Voice Recognition: the Great Wireless Hope
The number of U.S. wireless Web users will increase from 4.1 million in 2000 to 96 million in 2005, according to New York-based Jupiter Media Metrix, but the market must still contend with the same old hurdles.
Among the obstacles facing wireless Web users are bandwidth limitations, multiple service platforms, and numerous competing service providers. Another obstacle facing wireless adoption has been the awkward interfaces of phones, which are designed for voice, not data. That’s why speech recognition technology could help fit the pieces of the wireless puzzle together. According to a report by The Pelorus Group, based in Raritan, N.J., the merger of wireless services and speech recognition will soon erupt into a multibillion-dollar juggernaut.
Voice interfaces will enable the increasingly large mobile public to communicate and tap into information on the fly, more easily, more safely, and more affordably. According to Pelorus, speech-enabled wireless Web subscriptions will increase from 5% of the market today, to close to 50% by 2005, generating more than $3 billion in revenue at that time.
Government Must Involve Itself in Broadband Growth
Dataquest Inc., a unit of Stamford, Conn.-based Gartner Group, Inc., issued a report stating that government must play a part in designing a true, comprehensive broadband infrastructure. The dedicated fiber-to-the-home (D-FTTH) market promises great potential for networking vendors, but governments will need to set the environment for investment in the access fiber infrastructure for this industry to succeed.
Gartner recommends that governments encourage/enable new entities – infrastructure providers – to own and operate the access fiber infrastructure. These infrastructure providers would have special privileges and obligations. They would provide each household within their area with access to a D-FTTH network over which any operator could provide broadband services.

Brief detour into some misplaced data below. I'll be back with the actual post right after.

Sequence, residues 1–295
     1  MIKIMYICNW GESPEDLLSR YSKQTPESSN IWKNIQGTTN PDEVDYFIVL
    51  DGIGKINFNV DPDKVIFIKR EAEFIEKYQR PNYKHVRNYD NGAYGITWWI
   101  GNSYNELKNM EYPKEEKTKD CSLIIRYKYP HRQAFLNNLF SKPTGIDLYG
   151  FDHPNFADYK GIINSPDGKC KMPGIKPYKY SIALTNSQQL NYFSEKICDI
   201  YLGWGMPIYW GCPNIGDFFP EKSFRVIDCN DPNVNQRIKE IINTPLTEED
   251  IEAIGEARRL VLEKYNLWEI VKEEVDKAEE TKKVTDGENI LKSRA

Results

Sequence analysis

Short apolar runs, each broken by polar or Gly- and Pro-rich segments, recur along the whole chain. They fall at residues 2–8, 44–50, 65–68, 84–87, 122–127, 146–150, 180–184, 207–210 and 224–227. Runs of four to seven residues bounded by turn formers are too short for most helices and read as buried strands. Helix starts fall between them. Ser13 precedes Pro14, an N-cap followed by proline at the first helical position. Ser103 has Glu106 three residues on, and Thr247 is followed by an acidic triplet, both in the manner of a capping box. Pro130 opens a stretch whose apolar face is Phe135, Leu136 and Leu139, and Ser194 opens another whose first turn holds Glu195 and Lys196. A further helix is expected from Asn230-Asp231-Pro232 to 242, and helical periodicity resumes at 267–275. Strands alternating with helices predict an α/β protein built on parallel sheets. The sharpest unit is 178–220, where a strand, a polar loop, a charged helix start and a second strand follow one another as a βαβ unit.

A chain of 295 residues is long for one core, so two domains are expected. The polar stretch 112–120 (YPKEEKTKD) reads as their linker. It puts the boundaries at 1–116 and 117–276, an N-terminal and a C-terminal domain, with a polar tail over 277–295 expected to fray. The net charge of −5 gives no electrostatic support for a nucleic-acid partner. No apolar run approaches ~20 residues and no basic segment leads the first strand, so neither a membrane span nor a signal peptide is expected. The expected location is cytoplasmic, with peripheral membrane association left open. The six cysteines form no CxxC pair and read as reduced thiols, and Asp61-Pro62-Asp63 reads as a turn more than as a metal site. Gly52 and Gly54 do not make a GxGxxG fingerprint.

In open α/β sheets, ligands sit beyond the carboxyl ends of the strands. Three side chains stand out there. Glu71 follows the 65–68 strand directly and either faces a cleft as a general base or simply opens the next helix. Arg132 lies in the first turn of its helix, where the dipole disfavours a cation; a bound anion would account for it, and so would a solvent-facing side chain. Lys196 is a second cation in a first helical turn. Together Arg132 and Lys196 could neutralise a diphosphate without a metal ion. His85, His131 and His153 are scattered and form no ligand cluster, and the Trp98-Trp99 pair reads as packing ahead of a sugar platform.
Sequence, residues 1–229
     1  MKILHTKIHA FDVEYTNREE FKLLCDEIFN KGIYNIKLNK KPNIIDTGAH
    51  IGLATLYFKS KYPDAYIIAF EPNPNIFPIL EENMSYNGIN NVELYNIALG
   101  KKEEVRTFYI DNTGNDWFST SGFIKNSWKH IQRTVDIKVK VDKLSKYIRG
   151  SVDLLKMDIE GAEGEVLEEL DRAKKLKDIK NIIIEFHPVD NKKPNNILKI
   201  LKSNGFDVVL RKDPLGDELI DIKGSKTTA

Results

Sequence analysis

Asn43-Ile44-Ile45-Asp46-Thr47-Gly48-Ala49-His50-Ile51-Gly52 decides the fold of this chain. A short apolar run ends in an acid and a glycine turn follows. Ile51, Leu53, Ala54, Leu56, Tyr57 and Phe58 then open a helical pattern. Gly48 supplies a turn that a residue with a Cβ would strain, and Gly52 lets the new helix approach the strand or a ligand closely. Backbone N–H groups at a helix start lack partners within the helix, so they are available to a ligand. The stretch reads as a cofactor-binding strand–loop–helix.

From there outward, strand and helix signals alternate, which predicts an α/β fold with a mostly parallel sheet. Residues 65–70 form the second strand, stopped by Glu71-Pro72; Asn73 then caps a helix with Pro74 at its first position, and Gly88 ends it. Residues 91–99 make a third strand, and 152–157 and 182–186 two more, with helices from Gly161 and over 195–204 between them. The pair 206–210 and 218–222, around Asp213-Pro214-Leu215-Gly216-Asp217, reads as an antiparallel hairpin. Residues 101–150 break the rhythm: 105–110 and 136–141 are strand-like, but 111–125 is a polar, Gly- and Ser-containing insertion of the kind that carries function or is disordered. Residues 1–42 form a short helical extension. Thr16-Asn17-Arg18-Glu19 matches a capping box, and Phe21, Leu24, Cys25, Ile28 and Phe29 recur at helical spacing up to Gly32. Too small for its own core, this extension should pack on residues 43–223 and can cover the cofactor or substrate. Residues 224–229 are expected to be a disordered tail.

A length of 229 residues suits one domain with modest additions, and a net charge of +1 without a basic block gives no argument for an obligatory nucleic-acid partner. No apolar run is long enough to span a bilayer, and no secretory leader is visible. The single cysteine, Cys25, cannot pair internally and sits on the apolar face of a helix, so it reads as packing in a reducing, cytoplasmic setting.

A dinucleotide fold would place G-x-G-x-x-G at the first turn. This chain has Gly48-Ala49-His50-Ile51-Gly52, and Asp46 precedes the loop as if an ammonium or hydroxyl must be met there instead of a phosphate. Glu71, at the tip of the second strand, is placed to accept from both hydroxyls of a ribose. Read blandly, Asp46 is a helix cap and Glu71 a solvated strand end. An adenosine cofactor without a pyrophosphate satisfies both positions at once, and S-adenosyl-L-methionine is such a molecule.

Gartner Dataquest analysts provided the following recommendations for infrastructure providers: (1) The infrastructure providers should lease the use of their infrastructure to operators on a per-customer basis, according to the customer’s choice of operator. (2) The infrastructure providers should be independent of any operator interests and should allow all operators equal or fair access to their infrastructure. (3) The infrastructure providers should have an ownership that is oriented toward long-term, low-risk investments and that will accept modest internal rates of return in business cases.
Congressmen Ignore Email
In an announcement that should surprise very few, yet is certainly disturbing as an indicator of the state of official email correspondence, the Congress Online Project said in a study this week that lawmakers regularly disregard most email they receive. Some senators are receiving upwards of 50,000 emails per month, the majority of them sent from out of state. Because of this, and because lawmakers lack the staff and hardware that would be required to respond, these messages are “routinely ignored.”
Compiled by Zach Rodgers.